10 02 2012

Lots of chatter on the web about the Abraham Lincoln, Vampire Hunter film now in production. I reviewed the Seth Grahame-Smith novel before it was released a while back. In fact, I wrote a few articles on the topic. But just for kicks, go here for all my Vampiric posts – they’ll run backwards from this one.





Ford’s Theater

2 02 2012

As part of my little tour of Washington, D. C. back in June 2011, I walked over to Ford’s Theater. I’d never been there before. The current complex has a much larger footprint today, but you can still make out the original building (click on all the below images for larger ones):

The Petersen House across the street, where AL died, was closed for renovations:

 

There’s a lot of cool assassination ephemera in the basement museum, including the door to the President’s box, the gun that did the deed, the boot that Dr. Mudd cut off Booth’s broken leg, and one of the hoods worn by (most of) the conspirators as they made their way from their cells to the courtroom:

   

But my favorite was this fundraiser quilt that was signed by notable figures of the day, including my two favorite Georges:

   

I feel bad for Zach Harton (2nd panel, top row), don’t you?

The tour concluded with the reconstructed theater:

  

Of course, I’m always looking for the sights and sites less seldom seen. In this case, it was the back of the building, and as usual I had the place to myself. I made my best bet as to which doorway was the one used by Booth to exit the building, mount his Peanut-tended horse, and make his escape up the alley (he had to make a left right around the spot where I took the first photo below). Even without the lovely Carol Merrill’s help I think I picked the right door, based on what I found on the threshold:

    

Craig Swain’s visit to the Ford’s Theater museum.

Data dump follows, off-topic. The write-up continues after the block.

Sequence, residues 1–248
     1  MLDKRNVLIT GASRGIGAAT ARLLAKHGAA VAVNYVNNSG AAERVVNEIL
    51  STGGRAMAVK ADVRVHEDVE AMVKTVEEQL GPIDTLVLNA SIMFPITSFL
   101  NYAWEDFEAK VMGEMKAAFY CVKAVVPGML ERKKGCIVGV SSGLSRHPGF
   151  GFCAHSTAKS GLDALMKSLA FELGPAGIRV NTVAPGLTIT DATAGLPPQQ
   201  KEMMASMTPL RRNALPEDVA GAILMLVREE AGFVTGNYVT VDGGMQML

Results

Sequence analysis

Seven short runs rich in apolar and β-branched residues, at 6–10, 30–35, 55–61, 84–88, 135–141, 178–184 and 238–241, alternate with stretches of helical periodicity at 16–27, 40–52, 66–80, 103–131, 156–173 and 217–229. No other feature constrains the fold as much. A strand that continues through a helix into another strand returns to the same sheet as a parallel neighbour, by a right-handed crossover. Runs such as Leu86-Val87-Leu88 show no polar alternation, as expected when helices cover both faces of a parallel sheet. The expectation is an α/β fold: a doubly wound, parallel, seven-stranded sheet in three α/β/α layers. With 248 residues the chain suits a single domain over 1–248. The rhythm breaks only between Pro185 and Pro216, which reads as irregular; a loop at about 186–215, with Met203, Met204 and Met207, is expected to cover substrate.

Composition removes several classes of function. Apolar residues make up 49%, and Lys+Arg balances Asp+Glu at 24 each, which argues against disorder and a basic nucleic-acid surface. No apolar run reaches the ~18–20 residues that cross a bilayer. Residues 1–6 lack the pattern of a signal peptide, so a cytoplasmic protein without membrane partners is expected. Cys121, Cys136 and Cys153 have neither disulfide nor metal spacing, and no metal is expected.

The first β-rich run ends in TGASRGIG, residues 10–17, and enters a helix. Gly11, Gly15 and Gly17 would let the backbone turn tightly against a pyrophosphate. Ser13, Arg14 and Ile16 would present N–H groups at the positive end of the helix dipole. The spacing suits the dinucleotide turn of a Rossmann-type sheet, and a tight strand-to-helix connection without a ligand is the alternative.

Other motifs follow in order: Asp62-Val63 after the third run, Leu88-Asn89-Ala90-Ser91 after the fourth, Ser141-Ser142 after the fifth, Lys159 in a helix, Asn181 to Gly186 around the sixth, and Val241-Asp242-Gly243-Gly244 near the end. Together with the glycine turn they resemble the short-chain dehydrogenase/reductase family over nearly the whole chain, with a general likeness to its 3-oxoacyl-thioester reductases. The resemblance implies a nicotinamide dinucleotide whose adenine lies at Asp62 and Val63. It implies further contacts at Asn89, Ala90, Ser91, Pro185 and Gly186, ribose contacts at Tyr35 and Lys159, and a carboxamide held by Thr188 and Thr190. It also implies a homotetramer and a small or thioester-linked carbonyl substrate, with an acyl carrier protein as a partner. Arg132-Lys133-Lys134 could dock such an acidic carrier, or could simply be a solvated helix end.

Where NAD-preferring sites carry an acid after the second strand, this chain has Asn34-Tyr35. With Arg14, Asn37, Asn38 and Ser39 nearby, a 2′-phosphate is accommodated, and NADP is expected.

Robert Moore’s relative was on stage that fateful night!





The Lincoln Pew

30 01 2012

In early June, 2011, I made  a trip to Washington, DC to speak to the Capitol Hill Civil War Roundtable (you can read about it here). It was a logistically challenging trip. I stayed with friends in Arlington on Sunday evening, then headed into the District Monday morning on the Metro. It was a hot day and I intended to do some site seeing, so I took my speachafying clothes and dropped them off with friend Ron Baumgarten. Then it was off on a free form tour. I’ll share some of the photos from that sojourn over the next few days or so.

My first stop was one I think most folks don’t make: the New York Avenue Presbyterian Church. This church – albeit in a different building at a different location – was frequented by the Lincoln family while they lived a few blocks away on Pennsylvania Avenue. Inside the new building is a very cool artefact (click the icons for larger images):

  

The Lincoln family pew. I had the whole place to myself. And yes, you can sit in the pew. And yes, you can scoot your butt from one end to the other just to make sure you were in the right spot (though AL often stood during service). Check it out, but be respectful.





Preview: Penguin Books “Lincoln on the Civil War”

14 04 2011

Penguin Books has published a new pocket hardcover, Lincoln on the Civil War: Selected Speeches. It’s a compact, handy, non-annotated collection, selected from Penguin’s own The Portable Abraham Lincoln, and includes the following, essential Lincoln speeches:

  • Address to the Young Men’s Lyceum of Springfield, Illinois (1838)
  • “House Divided” Speech at Springfield, Illinois (1858)
  • Address at Cooper Institute, New York, New York (1860)
  • Speech at Independence Hall, Philadelphia, Pennsylvania (1861)
  • First Inaugural Address, Washington, D. C. (1861)
  • Emancipation Proclamation, Washington, D. C. (1863)
  • The Gettysburg Address, Gettysburg, Pennsylvania (1863)
  • Second Inaugural Address, Washington, D. C. (1865)
  • Speech on Reconstruction, Washington, D. C. (1865)

Look at this as the AL equivalent of a pocket Constitution, which you can pull out when someone spouts off that “Lincoln said…” Kind of like your own little Marshall McLuhan.